OK, this really is my last post in the “highlights of highlights”series: I include some excerpts from the Project 2010 Step by Step chapters and elaborate on them. This week: the Appendices.
From Appendix A, "A Short Course in Project Management"
Succeeding as a project manager requires that you complete your projects on time, finish within budget, and make sure your customers are happy with what you deliver. That sounds simple enough, but how many projects have you heard of (or worked on) that were completed late, cost too much, or didn’t meet the needs of their customers? (pg. 431)
This excerpt is setting the stage for a proactive mental model of project management. Most practitioners of project management will be the first to say that project management is an imprecise practice. Sometimes despite competent project management, things can go badly off track. As I've said previously in my eyes a very big part of project management is risk management.
By now, you may realize that much of the work that goes on in the world is project-oriented work. In fact, a substantial portion of your work may be focused on project management—even if that’s not your job title. (pg. 432)
The comparatively broad success of a desktop project management tool like Microsoft Project demonstrates the degree to which project management is so much more than a narrow technical domain. I believe a large part of the success of our book comes from people who don't identify them selves as project managers yet find themselves with some project management to do. My goal in this excerpt (and really in the entire book) is to convey to these people that it behooves them to understand the context of the tool--that is, how to apply Project following the best practices from project management.
Here is our final word about the project triangle model. Like all simple models of complex subjects, this model is a useful learning tool but not always a reflection of the real world. (pg. 437)
This disclaimer of sorts follows our walkthrough of the so-called triangle of triple-constraints, or the project triangle. I have found the triangle model to be a very effective instructional tool and mental model. As such, it has some inherent limitations. Overall though I find the model to be of great value.
From Appendix B, "Roadmap for Developing Your Project and Project Management Skills"
If you’ve completed most of or all the chapters in this book, you’re well on your way to mastering Microsoft Project 2010. However, one book can get you only so far. To help further your knowledge of Project and project management, start with these sources. (pg. 439)
Again of our primary instructional goals is to introduce the reader to the domain of project management. As with all training material, our book is focused on changing skills and behavior once the reader (or student) returns to their real-world work.
From Appendix C, "Using the Practice Files if Connected to Project Server"
This appendix introduces some of the key differences between desktop project Management (as you’ve practiced it in this book) and Project Server–based enterprise project management. Project Server is the cornerstone of the Microsoft Enterprise Project Management (EPM) Solution (we’ll refer to this as Project Server–based EPM). EPM is one of the more complex but potentially rewarding practices that a large Organization can adopt. (pg. 444)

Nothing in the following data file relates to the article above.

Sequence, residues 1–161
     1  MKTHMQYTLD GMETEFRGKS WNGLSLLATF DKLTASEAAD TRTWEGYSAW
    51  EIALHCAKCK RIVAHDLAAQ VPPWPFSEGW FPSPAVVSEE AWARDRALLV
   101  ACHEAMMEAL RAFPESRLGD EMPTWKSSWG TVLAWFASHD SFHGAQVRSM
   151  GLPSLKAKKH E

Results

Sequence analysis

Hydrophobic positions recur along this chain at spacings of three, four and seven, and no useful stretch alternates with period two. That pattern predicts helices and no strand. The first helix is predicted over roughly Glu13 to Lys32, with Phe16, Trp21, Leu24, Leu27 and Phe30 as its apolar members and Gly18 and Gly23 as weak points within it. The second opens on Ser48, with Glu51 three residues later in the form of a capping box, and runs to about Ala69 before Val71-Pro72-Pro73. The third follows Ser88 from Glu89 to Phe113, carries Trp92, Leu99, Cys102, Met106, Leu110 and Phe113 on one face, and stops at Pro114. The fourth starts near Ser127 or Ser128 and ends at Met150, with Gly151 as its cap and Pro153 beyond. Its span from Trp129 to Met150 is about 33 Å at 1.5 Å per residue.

We include this short section in the appendix to take the opportunity to gently introduce EPM to our reader. In earlier versions of our book we included more material about EPM, but decided our best expertise remains with the desktop Project. And in any case there is now much more information about EPM available on the Web for those who want it.
From Appendix D, "Using Microsoft Project 2010 Step by Step in a Classroom: Suggestions for Instructors"
If you are an instructor preparing training material for classroom delivery, this appendix offers some suggestions for how to best integrate this book into your syllabus or lesson plans. (pg. 447)
We knew from reader feedback that previous editions of our books were often used in academic contexts. For the 2010 edition we created this appendix to give the classroom instructor some insight into our pedagogy and how the content can be integrated into their cirricula and learning activities. My suspicion is that our book is often assigned in project management classes, where the instructor (rightly in my view) does not want to spend a lot of class time fussing with the tool (Project). Instead they "outsource" the Project skills development to our book while they can focus on the project management methodology. This approach is just fine with me, and I like that we give such instructors some guidance on how they can use our book successfully.
Previous posts in the "Detailed Commentary" series:
Part 1, Simple Scheduling
- Introduction of Project 2010 Step by Step
- Chapter 1, "A Guided Tour of Project"
- Chapter 2, "Creating a Task List"
- Chapter 3, "Setting Up Resources"
- Chapter 4, "Assigning Resources to Tasks"
- Chapter 5, "Formatting and Sharing Your Plan"
- Chapter 6, "Tracking Progress on Tasks"
Part 2, Advanced Scheduling
- Chapter 7, "Fine-Tuning Task Details"
- Chapter 8, "Fine-Tuning Resource Details"
- Chapter 9, "Fine-Tuning Assignment Details"
- Chapter 10, "Fine-Tuning the Project Plan"
- Chapter 11, "Organizing Project Details"
- Chapter 12, Tracking Progress on Tasks and Assignments"
- Chapter 13, "Viewing and Reporting Project Status"
- Chapter 14, "Getting Your Project Back on Track"
- Chapter 15, "Applying Advanced Formatting and Printing"
- Chapter 16, "Customizing Project."
- Chapter 17, "Sharing Project Information with Other Programs"
- Chapter 18, "Consolidating Projects and Resources"